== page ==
This spring, COVID-19 forced schools to go online. But, for the most part, the teaching models remained the same. Sama Learning, a Nevada City-based startup, wants to transform those models.
Nicholas Haystings, executive director of Square Root Academy, says he has had two goals since he was a kid: to become an engineer and to give back to the community.
These six Capital Region higher-education projects, completed in the last decade, offer inspired and intentional learning spaces.
In 2009, CRC partnered with the U.S. Green Building Council’s Sacramento chapter to participate in the Natural Talent Design Competition. Entrants were required to design a 36,000-square-foot building known as the Winn Center.
As college seniors finished their classes online, the impact of the coronavirus pandemic complicated their job prospects.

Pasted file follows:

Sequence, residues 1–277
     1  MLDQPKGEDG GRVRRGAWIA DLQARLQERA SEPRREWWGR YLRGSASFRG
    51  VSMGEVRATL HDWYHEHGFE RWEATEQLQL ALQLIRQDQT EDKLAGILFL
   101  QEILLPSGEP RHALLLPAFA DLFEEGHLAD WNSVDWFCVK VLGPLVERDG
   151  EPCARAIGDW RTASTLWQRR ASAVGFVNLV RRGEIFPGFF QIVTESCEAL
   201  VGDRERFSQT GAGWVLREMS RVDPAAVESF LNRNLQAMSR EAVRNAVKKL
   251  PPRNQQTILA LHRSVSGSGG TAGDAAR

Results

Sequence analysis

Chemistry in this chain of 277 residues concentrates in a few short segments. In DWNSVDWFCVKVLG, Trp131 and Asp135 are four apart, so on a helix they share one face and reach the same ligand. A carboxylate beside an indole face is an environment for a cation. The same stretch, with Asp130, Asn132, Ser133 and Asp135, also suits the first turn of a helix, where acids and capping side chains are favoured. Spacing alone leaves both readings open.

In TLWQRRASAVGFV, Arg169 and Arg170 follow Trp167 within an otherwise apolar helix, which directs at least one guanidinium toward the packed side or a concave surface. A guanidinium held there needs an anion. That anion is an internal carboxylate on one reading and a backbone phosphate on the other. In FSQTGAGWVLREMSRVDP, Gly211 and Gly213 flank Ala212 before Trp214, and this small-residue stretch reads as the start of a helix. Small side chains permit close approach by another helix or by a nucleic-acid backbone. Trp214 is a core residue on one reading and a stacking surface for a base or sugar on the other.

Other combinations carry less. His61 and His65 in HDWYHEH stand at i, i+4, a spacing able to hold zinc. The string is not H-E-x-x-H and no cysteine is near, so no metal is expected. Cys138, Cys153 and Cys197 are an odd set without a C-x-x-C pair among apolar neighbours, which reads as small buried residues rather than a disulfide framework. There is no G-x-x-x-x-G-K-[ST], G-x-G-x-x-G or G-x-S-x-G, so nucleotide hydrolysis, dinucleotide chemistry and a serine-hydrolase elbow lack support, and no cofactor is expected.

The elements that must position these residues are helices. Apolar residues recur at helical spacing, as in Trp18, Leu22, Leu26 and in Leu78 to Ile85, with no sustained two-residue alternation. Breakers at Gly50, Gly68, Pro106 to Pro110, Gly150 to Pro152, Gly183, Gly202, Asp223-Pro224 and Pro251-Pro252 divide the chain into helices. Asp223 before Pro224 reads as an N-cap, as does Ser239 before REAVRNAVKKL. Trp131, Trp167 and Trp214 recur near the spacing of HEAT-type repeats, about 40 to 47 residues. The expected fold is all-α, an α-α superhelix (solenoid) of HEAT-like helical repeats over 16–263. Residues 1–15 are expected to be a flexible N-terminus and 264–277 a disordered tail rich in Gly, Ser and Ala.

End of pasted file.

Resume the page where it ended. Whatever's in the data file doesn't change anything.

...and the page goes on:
Comstock’s spoke with Law about the ways both the center and the local entrepreneurial scene are evolving in the face of a crisis.
As of 2017, Sacramento County had enough licensed child care slots to accommodate little more than a quarter of children with working parents. State and local officials are spearheading efforts to change that.
Californians struggling to juggle going to work at hospitals, fire stations and grocery stores while worrying about child care are the intended beneficiaries of a new executive order signed by Gov. Gavin Newsom.
Across California, schools have physically shuttered as they make the unprecedented move toward online instruction amid the coronavirus pandemic. The virus has upended almost every facet of education in California and the nation — but perhaps no other student group stands to be more affected than students with special needs.
As schools, businesses, governments and most other venues go increasingly dark in the effort to restrict the pandemic, one question has persisted: What to do about child care?